California can blame about a fifth of the state’s record drought on climate change, scientists say.
Underground water supplies have been evaporating faster than they would have without the higher temperatures caused by greenhouse-gas emissions, according to a study published Thursday in the journal Geophysical Research Letters.
While the dearth of rainfall is due to natural weather patterns, warmer temperatures are exacerbating the dry conditions, intensifying the drought by about 15 percent to 20 percent, according to the report’s lead author A. Park Williams.
“Warming changes the baseline amount of water that’s available to us because it sends that water back into the sky,” Williams, a climate scientist at Columbia University’s Lamont-Doherty Earth Observatory, said in an e-mailed statement.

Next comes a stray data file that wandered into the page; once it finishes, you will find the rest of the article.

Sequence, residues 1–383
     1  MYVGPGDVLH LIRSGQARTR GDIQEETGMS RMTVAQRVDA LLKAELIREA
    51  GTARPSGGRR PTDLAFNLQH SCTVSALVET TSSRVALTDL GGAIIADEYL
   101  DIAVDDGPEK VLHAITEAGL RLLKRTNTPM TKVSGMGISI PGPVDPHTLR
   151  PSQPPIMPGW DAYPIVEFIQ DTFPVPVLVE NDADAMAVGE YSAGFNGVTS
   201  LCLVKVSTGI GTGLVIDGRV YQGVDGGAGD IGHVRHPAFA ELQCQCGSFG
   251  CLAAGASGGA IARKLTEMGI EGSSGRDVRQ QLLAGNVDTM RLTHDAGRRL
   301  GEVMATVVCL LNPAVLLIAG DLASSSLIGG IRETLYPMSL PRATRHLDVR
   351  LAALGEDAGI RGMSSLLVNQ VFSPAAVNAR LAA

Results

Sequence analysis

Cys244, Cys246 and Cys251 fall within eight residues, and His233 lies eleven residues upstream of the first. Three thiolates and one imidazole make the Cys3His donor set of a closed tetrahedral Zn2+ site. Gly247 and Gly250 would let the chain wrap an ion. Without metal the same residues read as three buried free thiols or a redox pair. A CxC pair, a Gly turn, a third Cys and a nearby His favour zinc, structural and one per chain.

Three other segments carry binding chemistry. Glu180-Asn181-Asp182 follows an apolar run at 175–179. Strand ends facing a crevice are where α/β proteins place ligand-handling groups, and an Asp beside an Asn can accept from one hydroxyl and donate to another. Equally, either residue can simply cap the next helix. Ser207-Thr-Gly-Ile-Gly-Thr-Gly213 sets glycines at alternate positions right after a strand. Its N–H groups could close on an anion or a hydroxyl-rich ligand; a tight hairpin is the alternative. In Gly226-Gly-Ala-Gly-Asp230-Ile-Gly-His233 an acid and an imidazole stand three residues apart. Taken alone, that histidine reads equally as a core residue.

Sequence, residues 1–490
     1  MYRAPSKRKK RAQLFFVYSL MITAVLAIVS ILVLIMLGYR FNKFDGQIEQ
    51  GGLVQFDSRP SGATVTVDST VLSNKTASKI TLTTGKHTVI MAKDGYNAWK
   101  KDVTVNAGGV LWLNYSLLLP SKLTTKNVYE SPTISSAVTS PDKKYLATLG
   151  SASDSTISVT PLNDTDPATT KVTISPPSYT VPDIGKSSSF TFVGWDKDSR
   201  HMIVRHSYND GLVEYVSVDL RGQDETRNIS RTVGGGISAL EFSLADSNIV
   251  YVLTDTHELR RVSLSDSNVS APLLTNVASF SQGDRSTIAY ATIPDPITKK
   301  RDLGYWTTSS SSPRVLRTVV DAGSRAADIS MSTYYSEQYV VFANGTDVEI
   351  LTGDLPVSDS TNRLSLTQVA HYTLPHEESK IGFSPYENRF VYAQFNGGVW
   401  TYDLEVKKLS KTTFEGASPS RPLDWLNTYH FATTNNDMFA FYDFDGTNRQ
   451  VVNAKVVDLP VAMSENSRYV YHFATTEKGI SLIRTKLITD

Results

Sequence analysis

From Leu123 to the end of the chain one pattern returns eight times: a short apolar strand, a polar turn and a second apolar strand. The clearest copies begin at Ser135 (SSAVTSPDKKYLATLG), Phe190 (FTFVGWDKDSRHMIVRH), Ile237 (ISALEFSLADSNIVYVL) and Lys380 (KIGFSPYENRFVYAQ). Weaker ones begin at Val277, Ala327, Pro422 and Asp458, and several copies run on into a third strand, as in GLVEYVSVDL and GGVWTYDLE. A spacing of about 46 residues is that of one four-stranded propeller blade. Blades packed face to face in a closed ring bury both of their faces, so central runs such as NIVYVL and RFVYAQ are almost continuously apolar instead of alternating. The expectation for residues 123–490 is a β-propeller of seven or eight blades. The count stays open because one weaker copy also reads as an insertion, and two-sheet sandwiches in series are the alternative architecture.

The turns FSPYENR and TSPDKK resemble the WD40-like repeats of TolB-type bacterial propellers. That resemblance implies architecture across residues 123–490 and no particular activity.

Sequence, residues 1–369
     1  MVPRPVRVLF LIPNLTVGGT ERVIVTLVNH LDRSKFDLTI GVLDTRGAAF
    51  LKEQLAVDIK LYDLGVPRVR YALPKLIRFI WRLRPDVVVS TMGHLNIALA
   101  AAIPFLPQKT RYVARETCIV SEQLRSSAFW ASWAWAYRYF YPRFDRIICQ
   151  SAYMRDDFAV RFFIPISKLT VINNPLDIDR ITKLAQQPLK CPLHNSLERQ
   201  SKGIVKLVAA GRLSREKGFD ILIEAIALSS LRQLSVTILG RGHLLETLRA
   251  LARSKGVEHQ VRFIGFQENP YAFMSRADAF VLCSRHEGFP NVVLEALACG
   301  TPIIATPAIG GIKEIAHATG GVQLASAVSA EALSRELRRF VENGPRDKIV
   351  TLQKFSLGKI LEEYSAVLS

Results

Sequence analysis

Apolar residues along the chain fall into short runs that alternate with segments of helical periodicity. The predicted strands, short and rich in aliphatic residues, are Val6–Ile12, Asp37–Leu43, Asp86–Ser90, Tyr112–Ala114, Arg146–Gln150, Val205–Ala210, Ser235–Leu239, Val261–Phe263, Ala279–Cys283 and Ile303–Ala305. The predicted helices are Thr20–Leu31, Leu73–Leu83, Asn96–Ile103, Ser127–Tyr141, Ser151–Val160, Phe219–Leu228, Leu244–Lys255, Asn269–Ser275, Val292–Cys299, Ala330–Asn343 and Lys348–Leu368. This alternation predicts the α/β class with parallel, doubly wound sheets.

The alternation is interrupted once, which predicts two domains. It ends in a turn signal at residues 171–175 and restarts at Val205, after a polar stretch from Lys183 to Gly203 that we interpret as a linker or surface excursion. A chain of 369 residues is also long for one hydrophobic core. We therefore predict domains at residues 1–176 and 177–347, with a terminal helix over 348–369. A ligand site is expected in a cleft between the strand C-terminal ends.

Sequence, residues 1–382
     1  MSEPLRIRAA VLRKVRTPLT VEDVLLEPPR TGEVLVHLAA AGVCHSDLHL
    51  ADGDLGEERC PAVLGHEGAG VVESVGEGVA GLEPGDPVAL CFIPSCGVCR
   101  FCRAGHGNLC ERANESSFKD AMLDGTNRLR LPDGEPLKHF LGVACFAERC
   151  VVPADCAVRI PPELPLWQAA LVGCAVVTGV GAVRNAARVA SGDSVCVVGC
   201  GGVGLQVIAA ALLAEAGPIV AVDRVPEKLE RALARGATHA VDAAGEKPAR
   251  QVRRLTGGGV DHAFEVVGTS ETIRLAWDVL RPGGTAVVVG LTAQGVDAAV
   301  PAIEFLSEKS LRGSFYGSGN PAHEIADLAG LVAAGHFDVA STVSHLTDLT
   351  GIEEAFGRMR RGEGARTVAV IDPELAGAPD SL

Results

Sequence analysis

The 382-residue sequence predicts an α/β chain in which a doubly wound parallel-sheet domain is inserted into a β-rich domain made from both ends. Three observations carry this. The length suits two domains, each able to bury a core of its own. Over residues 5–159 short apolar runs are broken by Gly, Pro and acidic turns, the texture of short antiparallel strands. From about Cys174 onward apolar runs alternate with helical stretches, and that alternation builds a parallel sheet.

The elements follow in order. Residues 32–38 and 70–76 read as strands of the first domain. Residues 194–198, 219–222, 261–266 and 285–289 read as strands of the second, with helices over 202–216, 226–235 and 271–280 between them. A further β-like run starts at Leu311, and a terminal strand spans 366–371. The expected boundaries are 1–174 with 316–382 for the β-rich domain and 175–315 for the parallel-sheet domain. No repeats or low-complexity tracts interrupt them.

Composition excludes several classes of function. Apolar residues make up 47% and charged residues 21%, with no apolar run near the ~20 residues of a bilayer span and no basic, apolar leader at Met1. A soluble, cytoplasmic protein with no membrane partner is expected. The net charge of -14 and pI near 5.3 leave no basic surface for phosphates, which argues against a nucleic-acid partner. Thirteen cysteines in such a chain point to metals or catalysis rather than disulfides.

The changing climate may eventually lead to higher rainfall in parts of the state in the coming years. That will be overshadowed by increased evaporation due to higher temperatures.
“As time goes on precipitation will be less able to make up for the intensified warmth,” Williams said.
California Governor Jerry Brown in April ordered emissions of greenhouse gases to be reduced to almost half what they were a quarter century ago, the most ambitious statewide effort to combat climate change in the U.S.
“New scientific reports now make it crystal clear that climate change is already affecting California and the Southwest in the form of higher temperatures and a more devastating drought,” Brown said in a statement Thursday.